by Nick L’Barrow
The third film in his disconnected ‘Oslo’ trilogy, The Worst Person In The World is from Norwegian director, Joachim Trier with a script co-written by Trier and Eskil Vogt. Using a more unconventional way to tell it’s story, The Worst Person In The World chronicles four years of the life of Juile (Renate Reinsve) over 12 different chapters, all portraying integral moments in her life that form, change and challenge her identity over time.
Julie’s story begins at 27 years old, and like many people in their twenties, she has no goddamn idea what to do with her life. Switching from a PhD degree to photography school is just the start of a journey for Julie that is shown in one of the most relatable and accessible films I have ever seen. Focusing on her relationship with Aksel (Anders Danielsen Lie), a controversial comic book writer in his 40s, much of Julie’s struggles come in the form of her struggle to find her identity within love and her career. Constantly questioned about having children or getting married because Aksel is at the age where he is ready for that, Julie often engages in all the awkward conversations and feelings we have all had about these subjects before. The script from Trier and Vogt feels incredible authentic and captures these realistic moments with such heart and respect that it creates consistently captivating viewing, with a great touch a dark humour littered throughout.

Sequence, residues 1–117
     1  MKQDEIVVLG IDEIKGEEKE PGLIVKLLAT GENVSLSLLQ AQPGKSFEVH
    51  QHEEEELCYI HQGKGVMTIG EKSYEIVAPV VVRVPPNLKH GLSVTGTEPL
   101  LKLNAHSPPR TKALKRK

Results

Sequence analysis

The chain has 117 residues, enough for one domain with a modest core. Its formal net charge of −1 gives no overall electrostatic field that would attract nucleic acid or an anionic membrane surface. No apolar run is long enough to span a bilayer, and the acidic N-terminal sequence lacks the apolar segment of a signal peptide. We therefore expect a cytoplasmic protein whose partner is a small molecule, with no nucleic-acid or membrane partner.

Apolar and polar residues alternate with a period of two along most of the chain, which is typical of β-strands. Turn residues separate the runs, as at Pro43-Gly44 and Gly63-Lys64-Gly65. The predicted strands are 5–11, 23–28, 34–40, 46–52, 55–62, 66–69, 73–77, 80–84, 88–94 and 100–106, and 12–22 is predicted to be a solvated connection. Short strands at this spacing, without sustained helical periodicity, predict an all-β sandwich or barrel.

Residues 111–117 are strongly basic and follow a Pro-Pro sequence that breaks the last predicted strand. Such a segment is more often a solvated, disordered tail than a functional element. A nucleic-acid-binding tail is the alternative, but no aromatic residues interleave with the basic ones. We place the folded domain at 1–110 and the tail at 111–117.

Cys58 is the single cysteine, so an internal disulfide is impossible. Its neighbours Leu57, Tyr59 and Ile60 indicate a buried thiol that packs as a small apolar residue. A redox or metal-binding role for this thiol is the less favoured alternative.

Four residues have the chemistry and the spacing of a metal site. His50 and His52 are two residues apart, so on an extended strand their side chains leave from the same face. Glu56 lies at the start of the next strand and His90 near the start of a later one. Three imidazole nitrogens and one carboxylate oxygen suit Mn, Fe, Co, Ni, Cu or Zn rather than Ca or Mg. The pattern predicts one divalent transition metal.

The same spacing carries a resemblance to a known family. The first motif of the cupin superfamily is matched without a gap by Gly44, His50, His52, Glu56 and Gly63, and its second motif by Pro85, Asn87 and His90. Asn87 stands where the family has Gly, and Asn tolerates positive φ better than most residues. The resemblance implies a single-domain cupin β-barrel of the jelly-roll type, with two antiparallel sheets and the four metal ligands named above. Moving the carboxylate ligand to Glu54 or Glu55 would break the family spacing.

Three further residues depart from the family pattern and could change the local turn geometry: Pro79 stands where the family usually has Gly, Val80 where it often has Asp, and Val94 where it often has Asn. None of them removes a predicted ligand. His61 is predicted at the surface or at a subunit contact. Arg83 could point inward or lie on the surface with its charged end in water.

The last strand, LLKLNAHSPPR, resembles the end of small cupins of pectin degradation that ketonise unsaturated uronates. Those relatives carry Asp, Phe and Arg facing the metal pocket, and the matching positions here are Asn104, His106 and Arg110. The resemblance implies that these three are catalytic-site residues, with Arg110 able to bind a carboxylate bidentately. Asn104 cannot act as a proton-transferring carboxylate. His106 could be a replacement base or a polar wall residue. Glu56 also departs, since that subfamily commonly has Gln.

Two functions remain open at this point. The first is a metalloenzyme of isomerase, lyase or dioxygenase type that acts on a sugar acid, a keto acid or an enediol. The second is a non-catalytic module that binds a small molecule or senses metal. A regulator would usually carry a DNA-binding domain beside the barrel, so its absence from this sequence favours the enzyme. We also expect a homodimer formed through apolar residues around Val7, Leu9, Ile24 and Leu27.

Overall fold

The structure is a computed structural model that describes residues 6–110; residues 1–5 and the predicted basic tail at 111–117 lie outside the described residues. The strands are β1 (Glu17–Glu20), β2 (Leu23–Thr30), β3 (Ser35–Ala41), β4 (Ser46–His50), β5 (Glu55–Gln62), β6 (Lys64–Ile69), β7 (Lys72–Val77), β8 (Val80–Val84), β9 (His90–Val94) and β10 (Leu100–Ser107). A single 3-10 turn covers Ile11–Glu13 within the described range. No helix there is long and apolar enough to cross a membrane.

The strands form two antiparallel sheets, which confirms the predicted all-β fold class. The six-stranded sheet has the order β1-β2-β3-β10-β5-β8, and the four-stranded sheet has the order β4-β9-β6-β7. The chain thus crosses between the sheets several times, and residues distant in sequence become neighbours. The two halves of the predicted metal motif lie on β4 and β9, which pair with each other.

In fact, The Worst Person In The World kind of starts off as a comedy. The script and performances portray these absurd things we put so much pressure on to prioritise in our lives as utterly ridiculous in the grand scheme of things and focuses on the fact that it’s the little moments filled with life, love, sex, happiness and everything else that make up the foundations of our existence. Never once did this movie feel existential, rather being a celebration of life through the eyes of someone who sadly falls into the societal traps of careers and relationships.
Balancing the grounded tone of the story are some amazing moments that transcend outside the realism of the film. One sequence involving a mushroom trip is truly outstanding (and hilarious) and feels like a scene that accurately makes the audience understand what Julie’s experience on these drugs is like. But the most amazing scene in the film is a beautiful moment in which Julie (in her mind) is able to freeze time, and she runs her way through a stand-still city to pursue someone she truly cares about. The cinematography, music, and authentic feeling of Julie’s smiling face throughout the scene solidified it as one of my favourite movie moments of 2021.
Before long, The Worst Person In The World will make you tear up as much as it makes you laugh. It’s realism in its closing chapters hit home that there is millions of other worlds happening within your own world, and that even though life should be lived to your full (and sometimes selfish) potential, disregarding the lessons we learn and the beautiful moments we have with others. This is a moving and entertaining film that understands what makes us tick as humans, and portrays that on screen with amazing writing, stunning cinematography, and fantastic performances all around.
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